Summary: There are at least three dynamics to be considered when planning worship.
“The Word on Worship: Under the Influence”
Acts 10: 23-48
Whatever happened to the day when the Sunday worship services could be planned in a matter of minutes. Bulletins were ordered a year at a time with the worship order already printed on the inside cover; the only thing which changed from week to week were the hymns, Scripture reading, and sermon title. Why is planning for worship now such an intense, involved process? Part of the answer is that worship is a passionate expression of the heart and soul. And in a world of great diversity those expressions differ greatly. We are unlike each other in many ways, yet we come together for common worship. How do we, as worship planners, know whose expressions to use or provide? It’s a big question – and Scripture teaches us that THERE ARE AT LEAST THREE DYNAMICS TO BE CONSIDERED WHEN PLANNING WORSHIP. If we begin with these we can, I believe, greatly increase our understanding of and unity in worship.
The first dynamic of planning worship is that WE ARE CULTURALLY INFLUENCED. We often hear that someone was charged with DUI - driving under the influence. We should all be charged with not DUI but LUI – living under the influence – not of alcohol, but of culture... The clothes we wear (or refuse to wear), the jewelry we buy, the words we use, the jobs we hold, the schedules we keep are all influenced by our culture. While the Bible tells us we should be pace setters for culture, more often than not we are reflectors; we live under the influence.
Think about Luke’s account in Acts 10. The first-century Jewish Christians found it difficult to accept Gentile believers because of cultural differences which they found ungodly and offensive. So God used Peter - a strongly entrenched Jewish Christian - and Cornelius - a strongly entrenched Gentile Christian - to teach His truth. Cornelius was firm in his commitment to Christ but comfortable in his culture. God used Peter, the most Jewish of disciples, to open the door for the Gentiles to come into the church without adopting the Jewish culture and customs. The issue, by the way is addressed again in Acts 15. As a result of that conflict the early church came to recognize that cultural differences, which are not moral or theological differences, need not separate Christians. There is no one divinely appointed culture. Sound pretty foreign and removed from us? Think about the struggles many of you experienced or heard about when the battle was over worshipping in English or Dutch. Remember the heated exchanges about what was the true language of heaven? In every town where there’s a First Reformed Church, it’s likely that 2nd Reformed Church began because old First church wouldn’t go to English worship services. The debate over what language to use in worship literally, at times, split the church.
Here’s the point: WE ARE ALL PRODUCTS OF A PARTICULAR CULTURE. Many different cultures, and backgrounds, are represented here today. And Hope Church is located within a particular culture. And around us are fewer people with a church background. So God is worshipped in a variety of ways. Yet that’s not new; missionaries have known it for a long time. If we would ask the McAuleys (Africa), Jansens (Japan), Chad VandenBosch, and Goff-Rudys (Honduras) about their worship where they serve overseas, we’d hear about four different styles of worship – because they are located in four different cultures. And we have no problem with that. Yet when we come to worship in our home town, we suddenly assume one size fits all – that there is one style, one form, which is right for worship. Yet is not South Haven diverse? Are not our ages diverse? Are not our backgrounds diverse?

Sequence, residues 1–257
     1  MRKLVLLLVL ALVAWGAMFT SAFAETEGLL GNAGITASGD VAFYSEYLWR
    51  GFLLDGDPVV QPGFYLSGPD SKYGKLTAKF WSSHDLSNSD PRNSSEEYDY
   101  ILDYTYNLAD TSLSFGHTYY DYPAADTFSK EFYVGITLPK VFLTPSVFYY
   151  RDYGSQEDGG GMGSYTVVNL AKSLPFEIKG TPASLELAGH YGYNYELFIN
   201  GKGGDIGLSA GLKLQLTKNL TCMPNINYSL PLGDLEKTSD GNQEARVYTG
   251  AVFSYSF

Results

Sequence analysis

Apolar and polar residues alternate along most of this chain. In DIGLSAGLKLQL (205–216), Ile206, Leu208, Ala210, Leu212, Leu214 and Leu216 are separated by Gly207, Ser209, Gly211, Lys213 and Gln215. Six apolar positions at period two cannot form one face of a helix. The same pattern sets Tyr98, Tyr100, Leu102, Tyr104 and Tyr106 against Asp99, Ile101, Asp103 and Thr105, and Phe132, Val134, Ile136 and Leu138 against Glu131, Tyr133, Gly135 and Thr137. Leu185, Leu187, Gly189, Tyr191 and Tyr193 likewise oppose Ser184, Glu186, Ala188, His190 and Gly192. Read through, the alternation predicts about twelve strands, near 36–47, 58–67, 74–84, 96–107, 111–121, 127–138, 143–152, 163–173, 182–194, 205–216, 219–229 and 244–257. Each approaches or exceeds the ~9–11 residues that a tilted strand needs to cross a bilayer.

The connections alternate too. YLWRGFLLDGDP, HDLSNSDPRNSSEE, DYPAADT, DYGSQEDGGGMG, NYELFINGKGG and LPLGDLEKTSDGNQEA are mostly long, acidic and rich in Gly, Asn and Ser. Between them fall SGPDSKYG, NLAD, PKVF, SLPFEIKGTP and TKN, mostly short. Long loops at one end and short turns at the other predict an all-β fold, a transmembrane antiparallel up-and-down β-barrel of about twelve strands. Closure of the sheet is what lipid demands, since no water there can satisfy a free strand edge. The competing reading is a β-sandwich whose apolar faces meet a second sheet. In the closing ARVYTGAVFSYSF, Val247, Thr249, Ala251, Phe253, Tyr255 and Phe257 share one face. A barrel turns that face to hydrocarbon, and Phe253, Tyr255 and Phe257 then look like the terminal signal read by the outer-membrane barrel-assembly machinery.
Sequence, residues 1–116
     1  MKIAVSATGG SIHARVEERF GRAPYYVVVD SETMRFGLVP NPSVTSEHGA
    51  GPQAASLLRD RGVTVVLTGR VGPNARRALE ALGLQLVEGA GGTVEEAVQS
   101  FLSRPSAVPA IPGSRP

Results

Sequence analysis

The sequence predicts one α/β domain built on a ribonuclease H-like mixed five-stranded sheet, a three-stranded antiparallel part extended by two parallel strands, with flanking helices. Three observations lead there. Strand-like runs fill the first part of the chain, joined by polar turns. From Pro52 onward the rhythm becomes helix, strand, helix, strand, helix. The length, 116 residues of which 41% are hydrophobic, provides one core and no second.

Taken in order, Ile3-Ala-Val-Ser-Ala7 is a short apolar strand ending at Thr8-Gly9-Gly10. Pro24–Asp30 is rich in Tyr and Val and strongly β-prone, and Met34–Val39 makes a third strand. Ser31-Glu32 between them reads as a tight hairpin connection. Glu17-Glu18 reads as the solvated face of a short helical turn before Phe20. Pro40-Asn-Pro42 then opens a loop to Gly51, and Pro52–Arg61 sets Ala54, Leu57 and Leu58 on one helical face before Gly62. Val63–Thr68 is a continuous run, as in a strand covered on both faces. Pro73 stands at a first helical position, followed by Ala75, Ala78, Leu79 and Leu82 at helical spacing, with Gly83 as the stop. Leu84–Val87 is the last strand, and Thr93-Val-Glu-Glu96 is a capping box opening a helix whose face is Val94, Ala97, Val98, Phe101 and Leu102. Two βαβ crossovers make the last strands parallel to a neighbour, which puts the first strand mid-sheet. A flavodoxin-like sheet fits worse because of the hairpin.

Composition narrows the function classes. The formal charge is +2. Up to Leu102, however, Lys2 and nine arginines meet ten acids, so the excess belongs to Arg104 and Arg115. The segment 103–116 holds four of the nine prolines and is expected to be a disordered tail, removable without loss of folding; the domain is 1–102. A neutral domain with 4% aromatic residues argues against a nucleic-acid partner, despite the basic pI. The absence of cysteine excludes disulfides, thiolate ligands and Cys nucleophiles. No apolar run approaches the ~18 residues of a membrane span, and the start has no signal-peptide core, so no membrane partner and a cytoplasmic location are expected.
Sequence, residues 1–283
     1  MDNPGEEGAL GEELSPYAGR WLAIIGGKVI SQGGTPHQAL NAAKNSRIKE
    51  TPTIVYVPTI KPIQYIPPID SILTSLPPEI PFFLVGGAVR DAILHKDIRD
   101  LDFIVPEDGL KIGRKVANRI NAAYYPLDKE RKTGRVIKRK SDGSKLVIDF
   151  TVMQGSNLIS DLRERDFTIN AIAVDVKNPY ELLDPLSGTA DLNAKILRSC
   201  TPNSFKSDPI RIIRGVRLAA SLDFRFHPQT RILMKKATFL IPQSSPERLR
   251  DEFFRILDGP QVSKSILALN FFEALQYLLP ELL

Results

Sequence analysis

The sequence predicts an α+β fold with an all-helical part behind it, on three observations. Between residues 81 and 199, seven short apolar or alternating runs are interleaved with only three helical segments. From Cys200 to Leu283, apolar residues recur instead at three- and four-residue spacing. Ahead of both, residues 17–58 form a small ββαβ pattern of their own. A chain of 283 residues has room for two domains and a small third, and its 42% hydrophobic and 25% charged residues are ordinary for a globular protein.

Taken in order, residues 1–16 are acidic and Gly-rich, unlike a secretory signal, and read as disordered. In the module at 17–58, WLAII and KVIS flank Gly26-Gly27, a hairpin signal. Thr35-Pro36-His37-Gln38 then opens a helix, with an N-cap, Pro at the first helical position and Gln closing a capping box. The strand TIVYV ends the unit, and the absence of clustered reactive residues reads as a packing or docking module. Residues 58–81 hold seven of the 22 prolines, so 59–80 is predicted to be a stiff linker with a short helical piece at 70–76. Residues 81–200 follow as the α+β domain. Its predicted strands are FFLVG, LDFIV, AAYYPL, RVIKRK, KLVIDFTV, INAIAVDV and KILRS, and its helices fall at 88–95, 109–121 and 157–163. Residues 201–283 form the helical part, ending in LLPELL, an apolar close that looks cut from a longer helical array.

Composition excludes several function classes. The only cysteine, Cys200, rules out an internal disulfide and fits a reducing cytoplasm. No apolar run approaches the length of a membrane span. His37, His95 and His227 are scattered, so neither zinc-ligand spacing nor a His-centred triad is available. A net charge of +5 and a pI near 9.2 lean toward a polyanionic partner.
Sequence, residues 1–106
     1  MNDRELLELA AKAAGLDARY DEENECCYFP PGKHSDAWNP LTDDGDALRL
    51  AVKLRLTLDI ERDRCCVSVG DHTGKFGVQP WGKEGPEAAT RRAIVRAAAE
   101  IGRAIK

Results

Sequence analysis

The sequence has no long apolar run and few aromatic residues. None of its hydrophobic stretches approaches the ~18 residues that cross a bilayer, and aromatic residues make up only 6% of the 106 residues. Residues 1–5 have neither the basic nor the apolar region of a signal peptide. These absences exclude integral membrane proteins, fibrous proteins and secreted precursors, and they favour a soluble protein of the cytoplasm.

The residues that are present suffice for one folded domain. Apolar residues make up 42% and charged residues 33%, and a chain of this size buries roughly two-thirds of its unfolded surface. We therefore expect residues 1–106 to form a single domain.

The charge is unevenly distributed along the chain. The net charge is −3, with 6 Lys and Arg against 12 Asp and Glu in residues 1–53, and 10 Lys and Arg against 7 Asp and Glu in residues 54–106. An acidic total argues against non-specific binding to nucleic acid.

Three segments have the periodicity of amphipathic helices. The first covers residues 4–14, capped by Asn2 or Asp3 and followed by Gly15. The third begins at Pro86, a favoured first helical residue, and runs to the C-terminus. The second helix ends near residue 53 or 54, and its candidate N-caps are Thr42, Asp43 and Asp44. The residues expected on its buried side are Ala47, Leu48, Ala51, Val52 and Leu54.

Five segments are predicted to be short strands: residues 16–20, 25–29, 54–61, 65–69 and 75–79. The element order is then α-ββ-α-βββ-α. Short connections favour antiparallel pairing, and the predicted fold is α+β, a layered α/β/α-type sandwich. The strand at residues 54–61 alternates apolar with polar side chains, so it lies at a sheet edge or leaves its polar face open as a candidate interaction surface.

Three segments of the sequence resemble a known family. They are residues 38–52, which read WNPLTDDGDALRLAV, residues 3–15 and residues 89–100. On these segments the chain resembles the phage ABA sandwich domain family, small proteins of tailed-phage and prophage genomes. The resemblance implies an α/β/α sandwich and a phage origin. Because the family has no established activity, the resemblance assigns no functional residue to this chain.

Let me point to music as an illustration. How many of you would list Classical as your favorite style of religious music? Country-Western? Gospel Music? Jazz? Praise music? Traditional hymns? Contemporary? Rock? So what do we do with this diversity in worship? As I think about it – there was controversy even when all we sang was traditional hymns. People couldn’t agree on which ones to sing most often! Let’s never forget that the issue is not, “Did that music stir my soul?” The issue is “Did that music stir God’s soul?”
So here’s the first worship planning principle: SINCE WORSHIP IS OF THE PEOPLE, IT MUST REFLECT THEIR DIVERSITY. The Jewish Christians worshipped differently than the Gentile Christians. The word “liturgy” – which is the order and elements of worship – historically meant a work of the people. Worship, then, should be an appropriate expression of the particular community which is gathered together. For us that means diversity and variety in music, in form, in order. It means more than one style of worship. It means understanding that the person seated next to me may like the very music, form, or order I’m upset about. It means recognizing that worship is first and foremost corporate – of the body, not the individual and therefore may not always be 100% comfortable for me. And that’s OK - because worship is for God, not for me. We must not go so far as to be sure that every week every person’s expression is honored and included so that we wind up with a hodgepodge of events with no order or purpose. Rather, we work, week to week and service to service at maintaining balance.